on the Papal Commission on Birth Control and chaired the committee’s
majority report; Richard McCormick, who is recognized as one of the founders
of modern bio-ethics, then Catholic University star Charles Curran.
Albert Jonsen, a then Jesuit bioethicist, and Father Drinan, who was Dean
of Boston College Law School, rounded out the team. According to Giles,
the moral theologians and priests met together for a while and then
were joined by the Kennedys and Shrivers who asked questions. Ted Kennedy
had the good fortune to engage in discourse about abortion and Catholicism
before the papacy of John Paul II virtually closed the window on the
lively debate that was going on among theologians about abortion.

None of these experts thought the act
of abortion was a moral good and they varied in their opinions on when
if ever it was morally justified – but they were clear that Catholic legislators
could vote to make abortion legal. The Shrivers never agreed and Eunice
and Sarge were active early on anti-abortion efforts. Ted, who at that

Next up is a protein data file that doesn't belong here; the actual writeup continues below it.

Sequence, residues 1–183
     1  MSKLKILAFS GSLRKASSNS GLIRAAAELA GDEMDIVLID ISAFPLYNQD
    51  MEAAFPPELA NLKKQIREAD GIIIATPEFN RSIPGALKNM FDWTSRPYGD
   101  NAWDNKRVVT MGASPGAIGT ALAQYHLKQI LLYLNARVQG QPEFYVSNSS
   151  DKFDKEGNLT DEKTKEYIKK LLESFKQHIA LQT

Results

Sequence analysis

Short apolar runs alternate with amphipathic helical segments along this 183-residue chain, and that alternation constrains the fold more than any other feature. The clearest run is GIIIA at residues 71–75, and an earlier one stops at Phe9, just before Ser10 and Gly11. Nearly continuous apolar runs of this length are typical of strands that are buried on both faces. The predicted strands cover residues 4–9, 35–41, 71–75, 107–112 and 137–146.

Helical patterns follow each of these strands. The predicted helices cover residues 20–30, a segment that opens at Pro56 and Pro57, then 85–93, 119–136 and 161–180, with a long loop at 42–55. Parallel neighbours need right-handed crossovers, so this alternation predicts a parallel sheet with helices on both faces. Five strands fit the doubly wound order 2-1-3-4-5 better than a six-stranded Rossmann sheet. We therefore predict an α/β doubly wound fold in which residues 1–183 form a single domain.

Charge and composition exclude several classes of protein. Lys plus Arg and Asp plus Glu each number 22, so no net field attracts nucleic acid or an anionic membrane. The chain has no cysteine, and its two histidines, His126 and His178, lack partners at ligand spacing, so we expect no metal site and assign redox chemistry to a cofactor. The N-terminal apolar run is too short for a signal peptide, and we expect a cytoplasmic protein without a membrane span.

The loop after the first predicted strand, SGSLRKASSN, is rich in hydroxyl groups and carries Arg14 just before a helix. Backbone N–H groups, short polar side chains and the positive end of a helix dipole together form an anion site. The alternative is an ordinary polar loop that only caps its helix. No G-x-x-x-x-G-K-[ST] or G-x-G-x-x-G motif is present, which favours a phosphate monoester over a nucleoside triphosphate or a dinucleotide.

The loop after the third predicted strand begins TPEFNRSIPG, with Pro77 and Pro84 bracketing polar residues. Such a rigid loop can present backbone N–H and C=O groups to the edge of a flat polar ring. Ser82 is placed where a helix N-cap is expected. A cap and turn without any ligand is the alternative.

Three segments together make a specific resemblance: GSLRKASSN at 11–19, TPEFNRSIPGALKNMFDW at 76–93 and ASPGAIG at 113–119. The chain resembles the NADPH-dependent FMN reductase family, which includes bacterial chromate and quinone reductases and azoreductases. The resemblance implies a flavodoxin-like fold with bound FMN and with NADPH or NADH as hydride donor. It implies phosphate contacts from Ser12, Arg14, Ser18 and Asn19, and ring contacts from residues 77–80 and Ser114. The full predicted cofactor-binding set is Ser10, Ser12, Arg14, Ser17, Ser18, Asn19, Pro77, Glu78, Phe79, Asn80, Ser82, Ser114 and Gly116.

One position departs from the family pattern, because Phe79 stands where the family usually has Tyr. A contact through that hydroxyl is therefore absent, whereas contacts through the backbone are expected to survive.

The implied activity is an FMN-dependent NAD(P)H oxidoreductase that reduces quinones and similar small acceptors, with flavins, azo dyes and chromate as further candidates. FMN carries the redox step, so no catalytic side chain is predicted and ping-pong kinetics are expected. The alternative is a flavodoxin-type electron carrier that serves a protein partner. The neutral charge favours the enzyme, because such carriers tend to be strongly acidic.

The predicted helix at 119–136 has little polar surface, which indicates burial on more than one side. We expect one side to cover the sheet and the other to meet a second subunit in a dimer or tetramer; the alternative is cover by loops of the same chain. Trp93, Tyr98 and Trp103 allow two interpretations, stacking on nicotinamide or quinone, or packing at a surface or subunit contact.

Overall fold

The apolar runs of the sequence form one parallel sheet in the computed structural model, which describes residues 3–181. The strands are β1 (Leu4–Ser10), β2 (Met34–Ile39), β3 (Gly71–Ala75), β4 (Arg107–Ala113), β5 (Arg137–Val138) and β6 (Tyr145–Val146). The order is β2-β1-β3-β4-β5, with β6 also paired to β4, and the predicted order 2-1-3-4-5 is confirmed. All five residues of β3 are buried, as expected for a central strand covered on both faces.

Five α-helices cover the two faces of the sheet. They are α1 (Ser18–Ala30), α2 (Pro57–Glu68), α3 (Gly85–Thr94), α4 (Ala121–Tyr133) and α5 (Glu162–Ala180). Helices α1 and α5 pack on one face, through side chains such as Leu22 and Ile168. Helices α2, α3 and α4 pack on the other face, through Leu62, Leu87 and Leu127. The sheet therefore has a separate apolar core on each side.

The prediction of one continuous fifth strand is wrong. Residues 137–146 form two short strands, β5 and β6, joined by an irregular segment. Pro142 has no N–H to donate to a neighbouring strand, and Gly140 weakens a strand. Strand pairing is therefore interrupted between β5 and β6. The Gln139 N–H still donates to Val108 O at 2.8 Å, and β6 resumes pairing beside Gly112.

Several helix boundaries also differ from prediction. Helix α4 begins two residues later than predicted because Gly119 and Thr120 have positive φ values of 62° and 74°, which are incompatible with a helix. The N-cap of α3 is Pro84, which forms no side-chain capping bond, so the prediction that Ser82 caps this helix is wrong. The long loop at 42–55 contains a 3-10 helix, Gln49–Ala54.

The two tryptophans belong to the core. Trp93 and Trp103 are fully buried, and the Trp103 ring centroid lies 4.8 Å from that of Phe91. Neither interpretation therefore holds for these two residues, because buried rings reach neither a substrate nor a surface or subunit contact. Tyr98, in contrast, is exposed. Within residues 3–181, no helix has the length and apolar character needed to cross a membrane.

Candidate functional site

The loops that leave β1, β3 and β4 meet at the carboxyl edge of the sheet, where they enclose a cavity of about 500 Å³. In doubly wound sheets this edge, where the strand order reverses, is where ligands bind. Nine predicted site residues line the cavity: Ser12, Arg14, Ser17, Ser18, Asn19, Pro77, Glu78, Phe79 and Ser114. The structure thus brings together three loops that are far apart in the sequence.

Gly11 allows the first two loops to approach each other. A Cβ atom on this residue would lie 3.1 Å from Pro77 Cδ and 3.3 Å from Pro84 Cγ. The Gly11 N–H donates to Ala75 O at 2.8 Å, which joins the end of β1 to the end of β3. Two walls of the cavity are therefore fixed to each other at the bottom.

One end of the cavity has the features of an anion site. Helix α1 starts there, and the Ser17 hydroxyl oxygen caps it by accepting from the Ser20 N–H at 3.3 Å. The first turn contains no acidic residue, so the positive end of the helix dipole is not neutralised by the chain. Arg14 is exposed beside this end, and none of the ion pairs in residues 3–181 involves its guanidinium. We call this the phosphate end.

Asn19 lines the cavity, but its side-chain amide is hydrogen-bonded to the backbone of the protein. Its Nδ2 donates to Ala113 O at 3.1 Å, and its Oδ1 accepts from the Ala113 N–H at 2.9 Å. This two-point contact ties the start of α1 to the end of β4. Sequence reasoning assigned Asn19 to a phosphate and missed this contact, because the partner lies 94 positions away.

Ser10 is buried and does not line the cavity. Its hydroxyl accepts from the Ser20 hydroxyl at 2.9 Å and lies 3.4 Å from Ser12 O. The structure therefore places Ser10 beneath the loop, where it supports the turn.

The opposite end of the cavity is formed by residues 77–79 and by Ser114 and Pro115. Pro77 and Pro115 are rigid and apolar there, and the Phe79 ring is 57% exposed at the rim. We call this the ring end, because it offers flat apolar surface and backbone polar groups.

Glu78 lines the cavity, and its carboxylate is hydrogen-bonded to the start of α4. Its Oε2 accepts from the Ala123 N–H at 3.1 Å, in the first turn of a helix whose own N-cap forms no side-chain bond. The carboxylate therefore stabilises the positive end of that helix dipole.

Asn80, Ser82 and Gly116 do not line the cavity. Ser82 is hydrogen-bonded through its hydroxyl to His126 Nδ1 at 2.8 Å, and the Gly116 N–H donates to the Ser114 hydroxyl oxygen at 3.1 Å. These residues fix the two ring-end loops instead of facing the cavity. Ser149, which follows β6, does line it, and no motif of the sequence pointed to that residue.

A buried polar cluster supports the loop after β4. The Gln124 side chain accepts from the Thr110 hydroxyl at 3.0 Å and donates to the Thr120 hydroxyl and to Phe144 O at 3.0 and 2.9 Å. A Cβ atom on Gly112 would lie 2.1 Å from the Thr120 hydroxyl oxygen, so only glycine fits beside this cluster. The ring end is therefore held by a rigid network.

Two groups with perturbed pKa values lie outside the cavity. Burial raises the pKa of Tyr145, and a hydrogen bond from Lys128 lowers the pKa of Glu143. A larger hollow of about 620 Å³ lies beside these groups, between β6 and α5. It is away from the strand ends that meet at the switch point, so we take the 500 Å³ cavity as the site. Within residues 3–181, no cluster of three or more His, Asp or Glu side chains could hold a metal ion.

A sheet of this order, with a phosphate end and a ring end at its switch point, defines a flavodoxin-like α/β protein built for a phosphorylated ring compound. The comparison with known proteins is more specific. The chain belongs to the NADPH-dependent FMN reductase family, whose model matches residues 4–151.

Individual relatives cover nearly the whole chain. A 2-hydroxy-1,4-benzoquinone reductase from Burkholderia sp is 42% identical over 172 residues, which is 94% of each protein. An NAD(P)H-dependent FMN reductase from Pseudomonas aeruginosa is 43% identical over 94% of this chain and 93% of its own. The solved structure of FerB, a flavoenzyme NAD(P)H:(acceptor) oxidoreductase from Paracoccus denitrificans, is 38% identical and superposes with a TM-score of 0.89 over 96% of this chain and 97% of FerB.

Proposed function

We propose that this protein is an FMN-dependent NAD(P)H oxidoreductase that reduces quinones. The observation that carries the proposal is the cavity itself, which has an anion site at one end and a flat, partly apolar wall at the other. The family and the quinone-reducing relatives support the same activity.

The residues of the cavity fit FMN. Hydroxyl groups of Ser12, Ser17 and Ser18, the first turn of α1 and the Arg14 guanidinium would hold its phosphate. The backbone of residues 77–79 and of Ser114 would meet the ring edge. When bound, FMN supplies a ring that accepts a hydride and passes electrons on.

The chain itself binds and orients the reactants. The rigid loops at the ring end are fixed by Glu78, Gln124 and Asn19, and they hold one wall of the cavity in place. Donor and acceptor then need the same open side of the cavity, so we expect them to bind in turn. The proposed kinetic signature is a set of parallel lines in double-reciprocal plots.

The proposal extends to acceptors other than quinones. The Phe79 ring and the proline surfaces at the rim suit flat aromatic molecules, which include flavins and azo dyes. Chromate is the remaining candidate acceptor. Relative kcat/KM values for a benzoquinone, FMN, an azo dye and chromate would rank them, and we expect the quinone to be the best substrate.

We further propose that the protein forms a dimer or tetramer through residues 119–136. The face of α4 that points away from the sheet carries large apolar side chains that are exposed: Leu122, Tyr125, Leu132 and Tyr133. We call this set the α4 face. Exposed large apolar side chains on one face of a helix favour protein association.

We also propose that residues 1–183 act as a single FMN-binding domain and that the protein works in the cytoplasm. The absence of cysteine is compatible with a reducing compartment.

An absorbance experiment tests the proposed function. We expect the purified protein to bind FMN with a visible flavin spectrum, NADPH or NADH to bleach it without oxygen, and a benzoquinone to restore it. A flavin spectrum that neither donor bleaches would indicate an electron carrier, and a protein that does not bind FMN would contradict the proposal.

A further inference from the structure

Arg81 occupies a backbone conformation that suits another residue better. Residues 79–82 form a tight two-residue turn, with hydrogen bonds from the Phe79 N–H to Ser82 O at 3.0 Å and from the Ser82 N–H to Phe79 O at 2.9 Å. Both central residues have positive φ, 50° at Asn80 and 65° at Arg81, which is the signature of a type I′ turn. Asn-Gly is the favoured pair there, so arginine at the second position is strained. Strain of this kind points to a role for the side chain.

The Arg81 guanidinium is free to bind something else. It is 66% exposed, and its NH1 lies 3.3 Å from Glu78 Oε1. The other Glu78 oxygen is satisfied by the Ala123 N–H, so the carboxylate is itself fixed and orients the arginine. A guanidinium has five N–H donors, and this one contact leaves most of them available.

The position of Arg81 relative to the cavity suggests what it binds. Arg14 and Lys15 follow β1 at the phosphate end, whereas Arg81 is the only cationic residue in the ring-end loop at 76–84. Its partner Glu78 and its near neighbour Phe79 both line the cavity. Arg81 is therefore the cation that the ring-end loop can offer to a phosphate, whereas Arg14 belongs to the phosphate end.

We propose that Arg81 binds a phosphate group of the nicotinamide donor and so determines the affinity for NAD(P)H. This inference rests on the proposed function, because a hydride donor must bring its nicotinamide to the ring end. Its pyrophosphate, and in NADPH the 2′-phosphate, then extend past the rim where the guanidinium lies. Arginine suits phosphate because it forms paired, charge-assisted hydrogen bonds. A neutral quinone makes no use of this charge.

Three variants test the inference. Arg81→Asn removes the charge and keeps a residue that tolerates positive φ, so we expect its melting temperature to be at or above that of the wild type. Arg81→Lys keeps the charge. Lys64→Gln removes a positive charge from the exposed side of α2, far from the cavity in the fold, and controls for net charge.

time expressed anti-abortion views but had not needed to vote on the
issue, came around to the pro-choice position by the time the first Senate
votes on abortion were required following Roe v. Wade. The first issue
was whether federal Medicaid funds could be used for abortion, and the
Senator was always in favor of such funding. Perhaps he understood the
preferential option for the poor to be determinant; perhaps he simply
saw the tragedy that surrounded very poor and very young women forced
to have children they did not want. Perhaps those theologians, whose
arguments were dismissed in a blogger’s short take on the Senator’s
death in America as "weak then and weaker now" had some influence
on the liberal lion.